I remember the day the scope arrived in very large boxes from a freight delivery truck. I opened the OTA box and was, frankly, terrified by the size and massiveness of the scope. I stored the OTA in my home, with the tripod in the garage. Using it involved having my son help me haul the huge storage box into the driveway and then lifting the massive forks onto the tripod. Fortunately, the scope set up from that point on was fully automated, so once mounted, I was up and running quickly.
But then I decided to start imaging. Adding the ultrawedge to my setup complicated things a lot! I lost the scope’s auto setup capabilities and the extra few inches height the wedge added made it much harder to put the scope on the mount. It was obvious the I had to do something or the scope was likely to spend most clear nights in its storage box.
Enter JMI Wheelie Bars—a real life saver! With the scope on the Wheelie Bars, I could just roll it out of the garage and within 5 minutes, be aligned and imaging. The only issue was that my home is surrounded by trees—much of the sky and many of the interesting objects are frequently below the tree line. If I was to get the most out the scope, I needed an observatory in a place where I could see more sky.
I toyed with the idea of buying some land out in the county. I was talking to a friend who ran a tree plantation out in the county and he made a very generous offer—could build an observatory on his land! I drove out the plantation and found an ideal site with a huge horizon. Add to this the fact that it was a dark sky site, and it seemed I had found the perfect place!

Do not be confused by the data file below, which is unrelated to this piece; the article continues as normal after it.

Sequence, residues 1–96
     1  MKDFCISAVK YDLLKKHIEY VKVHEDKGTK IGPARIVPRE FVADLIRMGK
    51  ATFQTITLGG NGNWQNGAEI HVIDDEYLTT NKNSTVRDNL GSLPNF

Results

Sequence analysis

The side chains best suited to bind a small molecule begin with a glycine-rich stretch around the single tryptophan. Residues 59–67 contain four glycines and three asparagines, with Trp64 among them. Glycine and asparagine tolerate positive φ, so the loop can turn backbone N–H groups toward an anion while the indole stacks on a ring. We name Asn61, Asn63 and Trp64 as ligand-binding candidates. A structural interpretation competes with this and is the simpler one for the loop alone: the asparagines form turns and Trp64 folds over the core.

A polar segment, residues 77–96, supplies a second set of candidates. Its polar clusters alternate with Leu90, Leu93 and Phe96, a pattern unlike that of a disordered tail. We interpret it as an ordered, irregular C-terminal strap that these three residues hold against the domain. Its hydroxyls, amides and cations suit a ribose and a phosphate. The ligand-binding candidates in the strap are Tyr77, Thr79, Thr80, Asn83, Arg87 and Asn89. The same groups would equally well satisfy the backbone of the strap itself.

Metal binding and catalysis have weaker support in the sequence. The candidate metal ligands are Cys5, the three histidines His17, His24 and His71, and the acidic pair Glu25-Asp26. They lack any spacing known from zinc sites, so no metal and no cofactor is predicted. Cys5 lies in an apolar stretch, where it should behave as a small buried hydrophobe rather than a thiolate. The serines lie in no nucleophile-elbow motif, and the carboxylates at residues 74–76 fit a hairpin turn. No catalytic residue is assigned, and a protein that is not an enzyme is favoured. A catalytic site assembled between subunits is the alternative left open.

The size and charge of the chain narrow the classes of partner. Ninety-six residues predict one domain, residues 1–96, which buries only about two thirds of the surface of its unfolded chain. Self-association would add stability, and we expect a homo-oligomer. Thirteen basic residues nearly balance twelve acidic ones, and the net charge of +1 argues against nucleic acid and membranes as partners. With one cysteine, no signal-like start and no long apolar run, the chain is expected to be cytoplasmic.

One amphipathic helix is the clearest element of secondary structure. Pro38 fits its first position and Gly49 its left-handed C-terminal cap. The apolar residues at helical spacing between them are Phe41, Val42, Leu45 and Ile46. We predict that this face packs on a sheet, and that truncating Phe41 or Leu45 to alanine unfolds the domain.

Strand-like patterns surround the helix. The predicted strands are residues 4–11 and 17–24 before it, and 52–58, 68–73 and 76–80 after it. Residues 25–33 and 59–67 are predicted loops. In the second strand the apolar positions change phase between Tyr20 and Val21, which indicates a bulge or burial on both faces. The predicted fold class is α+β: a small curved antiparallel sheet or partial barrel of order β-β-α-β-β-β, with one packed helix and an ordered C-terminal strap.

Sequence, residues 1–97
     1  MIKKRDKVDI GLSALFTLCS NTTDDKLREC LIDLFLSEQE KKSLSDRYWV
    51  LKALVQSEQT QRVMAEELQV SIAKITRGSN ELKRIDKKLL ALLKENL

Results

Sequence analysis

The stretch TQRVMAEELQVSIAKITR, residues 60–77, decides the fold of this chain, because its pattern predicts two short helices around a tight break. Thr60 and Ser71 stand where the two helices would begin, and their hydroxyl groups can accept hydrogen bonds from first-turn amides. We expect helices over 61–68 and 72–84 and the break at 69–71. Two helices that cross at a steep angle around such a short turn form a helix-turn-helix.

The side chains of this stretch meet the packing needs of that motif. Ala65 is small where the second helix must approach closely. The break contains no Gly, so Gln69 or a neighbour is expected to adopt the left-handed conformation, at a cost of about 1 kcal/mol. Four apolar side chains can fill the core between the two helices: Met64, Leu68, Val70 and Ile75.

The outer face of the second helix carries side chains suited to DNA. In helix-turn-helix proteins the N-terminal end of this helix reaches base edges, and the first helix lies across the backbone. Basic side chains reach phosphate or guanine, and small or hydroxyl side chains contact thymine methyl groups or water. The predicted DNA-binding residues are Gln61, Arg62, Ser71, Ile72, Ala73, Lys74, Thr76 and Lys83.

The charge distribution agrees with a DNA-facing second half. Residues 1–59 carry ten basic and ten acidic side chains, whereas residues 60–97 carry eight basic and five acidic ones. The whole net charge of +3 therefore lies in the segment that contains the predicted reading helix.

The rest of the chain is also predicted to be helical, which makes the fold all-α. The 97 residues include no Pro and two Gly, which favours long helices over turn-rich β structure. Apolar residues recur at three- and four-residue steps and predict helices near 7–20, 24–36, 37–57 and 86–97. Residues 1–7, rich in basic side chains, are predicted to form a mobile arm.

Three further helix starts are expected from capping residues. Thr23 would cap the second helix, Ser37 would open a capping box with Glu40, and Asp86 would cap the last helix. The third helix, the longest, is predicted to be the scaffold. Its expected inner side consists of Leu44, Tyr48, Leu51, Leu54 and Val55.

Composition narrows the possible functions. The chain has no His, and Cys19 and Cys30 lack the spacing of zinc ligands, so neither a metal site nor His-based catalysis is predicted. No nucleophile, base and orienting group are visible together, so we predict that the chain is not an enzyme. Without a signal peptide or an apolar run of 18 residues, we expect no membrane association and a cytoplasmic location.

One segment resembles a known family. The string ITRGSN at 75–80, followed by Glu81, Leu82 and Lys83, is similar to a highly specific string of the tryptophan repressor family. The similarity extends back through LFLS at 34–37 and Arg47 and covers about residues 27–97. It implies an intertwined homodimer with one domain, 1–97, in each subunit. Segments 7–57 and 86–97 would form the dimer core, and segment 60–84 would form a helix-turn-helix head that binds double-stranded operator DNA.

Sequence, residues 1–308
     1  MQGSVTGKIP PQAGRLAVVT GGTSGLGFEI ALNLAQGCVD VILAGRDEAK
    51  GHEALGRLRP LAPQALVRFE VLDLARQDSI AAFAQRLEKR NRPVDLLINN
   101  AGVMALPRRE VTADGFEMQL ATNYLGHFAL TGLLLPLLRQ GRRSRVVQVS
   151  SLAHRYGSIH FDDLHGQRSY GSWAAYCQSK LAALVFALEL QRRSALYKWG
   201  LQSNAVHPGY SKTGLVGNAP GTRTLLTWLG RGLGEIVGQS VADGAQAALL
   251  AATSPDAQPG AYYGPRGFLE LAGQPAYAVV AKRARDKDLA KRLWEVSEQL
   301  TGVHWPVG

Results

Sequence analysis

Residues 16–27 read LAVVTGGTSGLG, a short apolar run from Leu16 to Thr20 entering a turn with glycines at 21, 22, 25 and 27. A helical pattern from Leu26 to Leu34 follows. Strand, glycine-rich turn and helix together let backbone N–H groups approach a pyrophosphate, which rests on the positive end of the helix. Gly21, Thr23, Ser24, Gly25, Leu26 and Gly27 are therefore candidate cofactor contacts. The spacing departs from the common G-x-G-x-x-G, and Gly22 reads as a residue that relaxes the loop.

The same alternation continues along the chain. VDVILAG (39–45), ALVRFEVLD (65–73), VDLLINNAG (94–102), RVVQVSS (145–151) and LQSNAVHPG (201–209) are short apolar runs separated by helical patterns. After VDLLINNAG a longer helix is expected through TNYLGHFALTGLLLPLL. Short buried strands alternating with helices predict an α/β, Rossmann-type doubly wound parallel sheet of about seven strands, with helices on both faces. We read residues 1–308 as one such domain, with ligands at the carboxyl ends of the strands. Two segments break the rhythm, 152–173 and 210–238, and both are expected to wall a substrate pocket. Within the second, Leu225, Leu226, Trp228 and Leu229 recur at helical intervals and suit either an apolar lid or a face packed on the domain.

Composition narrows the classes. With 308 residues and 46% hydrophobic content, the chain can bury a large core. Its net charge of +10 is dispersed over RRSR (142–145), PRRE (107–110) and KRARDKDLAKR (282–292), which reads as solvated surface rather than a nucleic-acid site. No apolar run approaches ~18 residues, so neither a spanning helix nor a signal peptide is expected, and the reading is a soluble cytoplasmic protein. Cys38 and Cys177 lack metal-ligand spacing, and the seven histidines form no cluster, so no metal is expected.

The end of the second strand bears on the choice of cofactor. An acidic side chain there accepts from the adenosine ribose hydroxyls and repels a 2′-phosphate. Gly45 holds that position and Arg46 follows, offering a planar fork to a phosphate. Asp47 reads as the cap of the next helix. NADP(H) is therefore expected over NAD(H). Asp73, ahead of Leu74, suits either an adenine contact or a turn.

The only issue—I had a very limited budget to build an observatory.
Then I found an article online on how someone had converted an inexpensive 10’ x 12’ steel shed into a runoff observatory. This offered a perfect solution. I didn’t have much in the way of DIY skills, but I decided to give it a go! I had to build a roof frame for the rolloff, reinforce the walls and add some insulation, but the job wasn't too had, even for my limited skills.
The result was Walnut Ridge Observatory:
|Roof frame under construction|
|Runoff frame installed on castors and anchored|
|Interior frame complete|
|Insulation in place|
|Hardboard walls installed|
|The Observatory is almost complete|
|Runoff frame built from treated lumber|
|The runoff works!|
|Holes cut in floor for tripod|
|Desk, scope, and Plaque Installed|
The observatory was a great facility. I ran power from a nearby barn and I could be up and running is less than 5 minutes. Add to that a huge horizon and dark skies, and I was in heaven!
For a while…
There were a couple on nagging problems. One was that the observatory was on a plantation. That meant I had to unlock, open and close, and relock large farm gates to get to the site. In addition, it was a 9 mile drive to the plantation, a drive which seemed to get longer every time I made it. The drive back after a long session was not something I looked forward to. I began to dread clear evenings which I hated to waste, but the almost 20-mile round trip was getting to be a challenge. I had a great site, the ability to start observing quickly, but it was complicated by a long drive and farm gates.